Graduate Student Reflection: Jenna Antonucci
The Pozen Family Center for Human Rights supports doctoral student research that makes a significant contribution to the study and field of human rights. The grants may be used during a fifteen month period and awardees are asked to submit a report or reflection upon completion.
By Jenna Antonucci, Anthropology
2017 Pozen Research Grant for PhD Students Awardee
During the early stages in the Syrian revolution, Lebanon saw a surge in interest in art produced by Syrians who were leaving their home country to settle in urban centers such as Beirut. Syrian artists found a market eager to exhibit and sell their work to local and international buyers; in doing so, they altered the image many Lebanese held about Syrians as either day laborers or as military occupiers. As one of the women I interviewed during the month and a half I spent in Beirut explained, she would often find Lebanese people surprised that a Syrian could produce such progressive work. They would tell her “you don’t look like [you are Syrian],” drawing on entrenched stereotypes of Syrians formed over decades of Syrian intervention into Lebanon’s civil conflicts.
"The Lebanese government has not made it easy for Syrian migrants, preventing many from working legally and requiring rigorous paperwork in order to obtain temporary residence permits."
This period of curiosity over the shifting identity of Syrians waned as the war progressed and more Syrians entered Lebanon seeking refugee status. Further, during this time many of the more famous Syrian artists moved to Europe, where some continue to garner attention for exploring the “human side” of the conflict. In Lebanon, the remaining Syrian artists struggle to produce work in a climate increasingly hostile to the presence of Syrian refugees. For this reason, many artists hope to move to Europe, drawing on human rights law to bolster their cases for resettlement. Nearly all of the artists I spoke with told me they did not want to stay in Lebanon long term. Some were making efforts to move to Europe; others wanted to stay close to Syria where friends and family still reside. Indeed, the Lebanese government has not made it easy for Syrian migrants, preventing many from working legally and requiring rigorous paperwork in order to obtain temporary residence permits.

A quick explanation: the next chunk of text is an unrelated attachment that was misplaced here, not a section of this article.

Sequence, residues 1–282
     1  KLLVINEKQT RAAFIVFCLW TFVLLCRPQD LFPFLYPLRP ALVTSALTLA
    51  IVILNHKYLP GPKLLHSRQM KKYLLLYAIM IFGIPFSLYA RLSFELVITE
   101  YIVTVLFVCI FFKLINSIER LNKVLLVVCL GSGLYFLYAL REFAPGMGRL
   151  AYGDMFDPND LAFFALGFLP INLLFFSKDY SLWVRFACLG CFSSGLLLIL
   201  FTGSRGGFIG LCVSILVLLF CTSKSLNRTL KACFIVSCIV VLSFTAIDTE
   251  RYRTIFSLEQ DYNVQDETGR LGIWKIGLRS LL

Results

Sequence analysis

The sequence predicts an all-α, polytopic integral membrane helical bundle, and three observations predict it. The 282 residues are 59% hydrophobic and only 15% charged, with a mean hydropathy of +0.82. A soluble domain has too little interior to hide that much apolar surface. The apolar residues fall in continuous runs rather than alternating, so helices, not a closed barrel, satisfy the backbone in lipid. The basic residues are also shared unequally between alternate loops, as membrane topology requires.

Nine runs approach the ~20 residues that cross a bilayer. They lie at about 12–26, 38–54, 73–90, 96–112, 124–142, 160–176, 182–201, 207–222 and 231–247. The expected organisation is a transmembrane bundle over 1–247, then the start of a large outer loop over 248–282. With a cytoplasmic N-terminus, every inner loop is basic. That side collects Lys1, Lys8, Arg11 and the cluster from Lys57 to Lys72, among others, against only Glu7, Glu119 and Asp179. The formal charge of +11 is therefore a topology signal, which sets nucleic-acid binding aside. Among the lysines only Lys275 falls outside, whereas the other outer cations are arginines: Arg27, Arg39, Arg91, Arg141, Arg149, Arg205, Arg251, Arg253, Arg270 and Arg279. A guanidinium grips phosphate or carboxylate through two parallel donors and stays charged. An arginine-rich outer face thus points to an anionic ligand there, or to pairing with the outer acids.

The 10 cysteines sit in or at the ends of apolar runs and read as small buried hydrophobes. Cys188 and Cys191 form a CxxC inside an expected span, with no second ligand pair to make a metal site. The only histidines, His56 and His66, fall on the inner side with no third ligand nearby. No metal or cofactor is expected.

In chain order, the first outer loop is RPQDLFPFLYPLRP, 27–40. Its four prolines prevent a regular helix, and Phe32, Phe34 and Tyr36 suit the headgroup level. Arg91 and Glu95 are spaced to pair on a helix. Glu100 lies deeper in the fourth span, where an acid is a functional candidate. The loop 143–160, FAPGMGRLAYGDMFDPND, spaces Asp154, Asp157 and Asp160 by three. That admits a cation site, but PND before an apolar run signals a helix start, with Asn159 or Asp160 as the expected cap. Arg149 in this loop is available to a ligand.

The grant that I received from the Pozen Center made it possible for me to piece together the story of Syrian art in Lebanon, thus shining light on what happens when revolutionary energy is refracted through the prism of humanitarian regimes. I spent a month and a half during January and June 2018 in Beirut interviewing primarily visual and theater artists. I was fascinated by the vital creativity exhibited by the artists I met. I discovered cafes and theaters where Syrian artists gathered to seek community and collaborations on exhibitions, films, theater projects and more.
The Pozen Center enabled me to consider the situation of Syrian artists in Lebanon as a window through which to understand what happened when the revolutionary spirit of the Arab Spring in Syria became a humanitarian crisis felt especially acutely by neighboring countries such as Lebanon. My future research will consider how Syrian artists negotiate structures of human rights and humanitarianism in both Lebanon and Europe while simultaneously striving to produce art that, to varying degrees, activates and fulfills ethical standpoints on a range of social and political projects including, but not limited to, maintaining revolutionary sentiment, constructing social networks of support and care, and imagining how to tell “human” stories to the broader international community.
Jenna Antonucci is a PhD student in Anthropology. Her research focuses on how Syrian artists who have relocated to Lebanon produce art that explores the conflict in Syria.